“This economy kills” (53) This in fact is the most provocative economy- critical statement of Pope Francis in Evangelii Gaudium. Certain economic circles in industrialized countries thereupon criticized in turn the Pope saying, “The Church despises the Rich.” And they argue: Already from the Gospel and from the Acts of the Apostles, Christian Faith does not at all promote a positive attitude towards the market, towards competition, towards riches and luxury. The goods gathered on earth by the Christians meet with reservation. Wherever property is suspect, entrepreneurship and profit maximization cannot flourish. In this connection the Catholic Social Teaching and the social encyclicals of the late Popes were attacked. They would show a problematic concept of private property. Francis’s view would be shaped by the difficult economic history in Argentina and by the post-Marxist theology of liberation. Francis would not recognize that poverty and inequality have been reduced thanks to market economy reforms. He would furthermore ignore that today, thanks to the successful growth of a capitalist economy, the number of people suffering from hunger and thirst is far smaller than some twenty years ago. The Pope would be naïve and unable to see that to overcome poverty, market economy and capitalism were absolute indispensable.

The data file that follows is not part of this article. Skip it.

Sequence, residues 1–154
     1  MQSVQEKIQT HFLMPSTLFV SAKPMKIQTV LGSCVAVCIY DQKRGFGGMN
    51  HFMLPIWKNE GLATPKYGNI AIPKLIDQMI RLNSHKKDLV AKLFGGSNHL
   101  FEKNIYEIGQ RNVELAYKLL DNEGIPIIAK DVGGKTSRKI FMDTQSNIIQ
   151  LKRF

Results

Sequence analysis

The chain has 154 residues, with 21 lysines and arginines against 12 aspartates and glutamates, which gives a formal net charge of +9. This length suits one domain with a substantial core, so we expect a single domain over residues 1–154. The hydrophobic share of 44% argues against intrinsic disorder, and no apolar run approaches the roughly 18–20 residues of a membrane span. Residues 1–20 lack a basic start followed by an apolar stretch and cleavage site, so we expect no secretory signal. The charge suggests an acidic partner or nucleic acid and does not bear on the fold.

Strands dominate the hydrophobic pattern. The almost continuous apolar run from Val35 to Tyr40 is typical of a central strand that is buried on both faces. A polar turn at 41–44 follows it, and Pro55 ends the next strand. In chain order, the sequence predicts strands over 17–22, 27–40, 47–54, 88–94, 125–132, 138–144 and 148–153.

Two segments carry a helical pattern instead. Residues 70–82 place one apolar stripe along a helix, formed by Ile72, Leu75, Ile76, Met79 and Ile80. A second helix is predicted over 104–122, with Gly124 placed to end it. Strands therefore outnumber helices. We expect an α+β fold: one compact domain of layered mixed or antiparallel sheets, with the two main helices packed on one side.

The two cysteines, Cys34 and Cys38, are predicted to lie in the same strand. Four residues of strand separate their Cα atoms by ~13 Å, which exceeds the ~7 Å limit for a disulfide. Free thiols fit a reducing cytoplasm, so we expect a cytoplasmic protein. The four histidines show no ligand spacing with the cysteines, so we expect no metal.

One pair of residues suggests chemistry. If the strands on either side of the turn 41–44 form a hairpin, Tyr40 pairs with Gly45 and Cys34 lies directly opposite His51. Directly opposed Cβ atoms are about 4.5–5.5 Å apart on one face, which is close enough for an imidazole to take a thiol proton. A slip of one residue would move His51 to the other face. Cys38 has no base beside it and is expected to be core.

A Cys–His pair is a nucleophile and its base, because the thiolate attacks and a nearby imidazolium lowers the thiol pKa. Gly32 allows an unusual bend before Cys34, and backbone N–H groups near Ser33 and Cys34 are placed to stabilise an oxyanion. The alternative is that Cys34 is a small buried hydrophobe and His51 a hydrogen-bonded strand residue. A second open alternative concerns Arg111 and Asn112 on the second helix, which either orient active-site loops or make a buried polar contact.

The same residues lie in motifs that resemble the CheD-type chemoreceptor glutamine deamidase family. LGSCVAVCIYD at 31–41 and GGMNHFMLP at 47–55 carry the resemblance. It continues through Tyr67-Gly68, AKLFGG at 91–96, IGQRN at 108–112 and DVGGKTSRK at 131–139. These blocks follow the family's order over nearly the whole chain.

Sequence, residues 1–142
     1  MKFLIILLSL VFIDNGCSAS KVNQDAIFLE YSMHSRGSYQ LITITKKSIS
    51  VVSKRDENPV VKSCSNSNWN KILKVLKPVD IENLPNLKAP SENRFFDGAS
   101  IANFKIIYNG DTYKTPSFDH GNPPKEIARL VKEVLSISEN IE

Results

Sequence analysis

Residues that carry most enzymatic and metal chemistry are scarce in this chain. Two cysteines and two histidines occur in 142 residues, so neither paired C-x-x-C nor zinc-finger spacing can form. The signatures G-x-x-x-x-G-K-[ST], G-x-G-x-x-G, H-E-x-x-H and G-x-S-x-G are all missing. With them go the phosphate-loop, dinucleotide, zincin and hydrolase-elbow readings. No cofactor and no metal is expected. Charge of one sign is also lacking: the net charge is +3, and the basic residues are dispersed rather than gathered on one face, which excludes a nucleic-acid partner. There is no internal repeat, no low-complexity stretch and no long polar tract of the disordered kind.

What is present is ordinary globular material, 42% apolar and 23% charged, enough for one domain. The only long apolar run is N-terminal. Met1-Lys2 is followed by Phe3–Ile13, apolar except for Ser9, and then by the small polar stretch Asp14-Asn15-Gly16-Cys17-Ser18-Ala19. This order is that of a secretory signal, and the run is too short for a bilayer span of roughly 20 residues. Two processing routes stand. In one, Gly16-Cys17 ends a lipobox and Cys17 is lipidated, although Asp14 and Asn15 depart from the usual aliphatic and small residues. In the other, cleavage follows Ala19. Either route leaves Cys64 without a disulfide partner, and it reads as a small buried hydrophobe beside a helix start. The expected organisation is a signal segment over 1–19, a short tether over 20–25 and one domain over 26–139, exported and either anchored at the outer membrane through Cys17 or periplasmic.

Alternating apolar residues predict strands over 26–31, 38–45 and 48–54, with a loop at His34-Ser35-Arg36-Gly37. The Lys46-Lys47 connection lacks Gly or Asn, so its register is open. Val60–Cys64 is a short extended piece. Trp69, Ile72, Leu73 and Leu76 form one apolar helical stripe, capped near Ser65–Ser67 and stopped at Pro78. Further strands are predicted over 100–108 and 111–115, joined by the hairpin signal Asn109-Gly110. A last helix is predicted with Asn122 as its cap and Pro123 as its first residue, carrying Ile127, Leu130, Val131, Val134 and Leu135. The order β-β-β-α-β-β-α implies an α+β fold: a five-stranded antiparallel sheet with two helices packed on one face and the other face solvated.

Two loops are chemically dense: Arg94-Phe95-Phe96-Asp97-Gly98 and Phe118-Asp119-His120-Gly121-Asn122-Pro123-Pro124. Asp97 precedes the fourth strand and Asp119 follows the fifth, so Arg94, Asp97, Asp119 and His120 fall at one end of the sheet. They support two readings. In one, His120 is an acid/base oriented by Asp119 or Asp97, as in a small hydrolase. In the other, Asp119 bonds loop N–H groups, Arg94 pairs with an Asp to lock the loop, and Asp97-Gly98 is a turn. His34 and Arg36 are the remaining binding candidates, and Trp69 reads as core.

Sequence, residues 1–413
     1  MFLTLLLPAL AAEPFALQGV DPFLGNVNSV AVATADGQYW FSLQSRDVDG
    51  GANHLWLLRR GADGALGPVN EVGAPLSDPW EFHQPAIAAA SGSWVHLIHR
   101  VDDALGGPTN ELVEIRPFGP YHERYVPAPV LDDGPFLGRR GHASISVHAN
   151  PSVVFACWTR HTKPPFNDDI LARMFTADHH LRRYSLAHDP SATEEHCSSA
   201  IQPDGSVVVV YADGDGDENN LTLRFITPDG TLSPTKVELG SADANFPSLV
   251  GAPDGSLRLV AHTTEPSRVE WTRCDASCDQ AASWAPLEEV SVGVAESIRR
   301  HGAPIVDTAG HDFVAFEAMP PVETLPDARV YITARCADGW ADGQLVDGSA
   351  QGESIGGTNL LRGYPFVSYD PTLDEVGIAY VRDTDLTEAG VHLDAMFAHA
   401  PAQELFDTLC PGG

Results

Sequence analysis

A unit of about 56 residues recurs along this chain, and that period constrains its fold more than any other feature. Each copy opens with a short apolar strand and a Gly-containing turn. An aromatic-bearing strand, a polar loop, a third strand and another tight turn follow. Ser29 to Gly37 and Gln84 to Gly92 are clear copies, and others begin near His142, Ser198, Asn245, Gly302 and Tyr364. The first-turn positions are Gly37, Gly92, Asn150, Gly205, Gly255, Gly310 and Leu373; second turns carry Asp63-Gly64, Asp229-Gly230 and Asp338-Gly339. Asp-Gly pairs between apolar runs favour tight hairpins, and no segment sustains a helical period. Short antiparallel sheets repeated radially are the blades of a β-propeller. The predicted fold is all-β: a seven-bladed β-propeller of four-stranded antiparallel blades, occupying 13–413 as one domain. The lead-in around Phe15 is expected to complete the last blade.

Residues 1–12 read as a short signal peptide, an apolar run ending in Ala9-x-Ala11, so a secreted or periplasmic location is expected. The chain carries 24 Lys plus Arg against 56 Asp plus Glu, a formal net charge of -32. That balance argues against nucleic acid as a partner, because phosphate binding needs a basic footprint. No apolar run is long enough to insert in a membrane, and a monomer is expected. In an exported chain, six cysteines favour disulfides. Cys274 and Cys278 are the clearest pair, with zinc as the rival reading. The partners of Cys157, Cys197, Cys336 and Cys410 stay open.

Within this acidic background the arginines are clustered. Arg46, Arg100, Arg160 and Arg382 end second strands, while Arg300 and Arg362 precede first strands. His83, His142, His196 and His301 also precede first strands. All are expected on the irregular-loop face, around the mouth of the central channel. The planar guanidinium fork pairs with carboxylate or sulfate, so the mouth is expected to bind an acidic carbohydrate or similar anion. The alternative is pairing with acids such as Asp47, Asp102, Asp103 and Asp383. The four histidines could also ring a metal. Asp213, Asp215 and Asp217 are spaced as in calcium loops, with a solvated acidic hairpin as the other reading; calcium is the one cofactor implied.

These are some of the essential arguments which libertarianism economic circles raised against EG of the Pope.
But let us ask what is Francis’s concern in EG? Let us look at the text itself: In the numbers 52-59 he characterizes some of the challenges in today’s world. An “Evangelization of joy” cannot just light-heartedly close its eyes to reality. In that case it would remain illusionary and would hardly benefit people in difficult situations. Evangelization in the  meaning of the Pope therefore always asks for an analysis of the situation based on the Gospel; Francis does not ask for a neutral sociological analysis, but for an evangelical discernment: Discipleship and evangelization according to Francis means, taking the point of view of Jesus Christ and looking at the people’s and the world’s reality with His eyes. This goes for all areas of human day-to-day life and for all dimensions of evangelization. 
Let us now take a closer look at how Francis views the present economic situation from the perspective of the Gospel. In the numbers 182-216 he details the practical consequences of the challenges.
“No to an economy of exclusion” (53). With this title Pope Francis already denotes the essential characteristic of today’s economy, which he rejects. He ties in with the Ten Commandments. The commandment “You shall not kill” (Ex 20,13) defines a limit aimed at securing the value of human life. From this biblical view he says “no to an economy of exclusion and to inequality in income” (53). And Francis describes this in concrete terms very clearly: “How can it be that it is not a news item when an elderly homeless person dies of exposure, but it is news when the stock market loses two points? This is a case of exclusion.” And I think each and any of you may know of similar fates from people in your country.